Transparent Prices Fail to Lower Health Spending, Study Shows

Marcia Frellick

May 12, 2016

For those who believe that healthcare spending will decrease if patients know the costs and can shop for what they want, findings from a new study in JAMA may be disappointing.

The study, by Sunita Desai, PhD, a research fellow in healthcare policy at Harvard Medical School in Boston, Massachusetts, and colleagues studied 149,000 employees of two large companies who were given an online tool to let them compare prices for healthcare services by physicians, a hospital, or another site.

Only 10% of the employees used the tool, despite aggressive marketing, and those who used it did not spend any less than those in a control group of nearly 300,000 employees from other companies who were not offered the tool. Users of the tool did not reduce outpatient spending, and patients did not switch to lower-cost settings for care.

After adjusting for demographic and health characteristics, being offered the tool resulted in an average $59 (95% confidence interval [CI], $25-$93) increase in outpatient spending and an average $18 (95% CI, $12-$25) increase in out-of-pocket spending for the employees.

Those with higher deductibles, who would seemingly be more likely to shop for care, also did not reduce their spending. Results were published online May 3.

Possible Reasons for Lack of Effect

In an accompanying editorial, Kevin Volpp, MD, PhD, of the Philadelphia VA Medical Center, University of Pennsylvania Perelman School of Medicine and Wharton School of Medicine and Health Care Management, says there may be several reasons for this. One is that patients, who are used to seeing that higher prices for cars and houses mean better quality, may think that higher healthcare prices mean better-quality care and may not necessarily be interested in the lower price.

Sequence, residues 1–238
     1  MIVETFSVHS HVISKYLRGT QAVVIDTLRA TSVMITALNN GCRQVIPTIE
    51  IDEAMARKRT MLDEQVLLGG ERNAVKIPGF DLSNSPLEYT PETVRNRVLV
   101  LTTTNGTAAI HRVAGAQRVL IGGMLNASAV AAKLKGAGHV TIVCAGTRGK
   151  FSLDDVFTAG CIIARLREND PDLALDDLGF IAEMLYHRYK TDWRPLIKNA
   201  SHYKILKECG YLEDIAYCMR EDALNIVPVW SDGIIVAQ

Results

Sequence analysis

Also, most patients who used the transparency tool searched for amounts higher than the highest deductible, amounts that would mostly be paid by the insurer: 53% searched for prices higher than $1250, and 68% searched for prices higher than $500. The top searches were for obstetric deliveries, colonoscopy, office visits, and gastric bypass surgery, the researchers explained.

"People are commonly purchasing with insurance as the middleman, and unless there are clear incentives to use these tools ― and validated ways of comparing price and quality of services ― just providing information on price alone is unlikely to induce people to pick lower-price providers," Dr Volpp told Medscape Medical News.

The online tool is the Truven Health Analytics Treatment Cost Calculator. It tells users how much they would pay out of pocket for services such as x-rays, laboratory tests, outpatient surgeries, or physician office visits. Out-of-pocket costs are based on the user's insurance and how much they have already spent during the year.

The two companies selected for the study were chosen because they did not change deductibles or copayments in the year before or after the tool was offered. Also, they had the highest rates of utilization, which highlights lack of use elsewhere.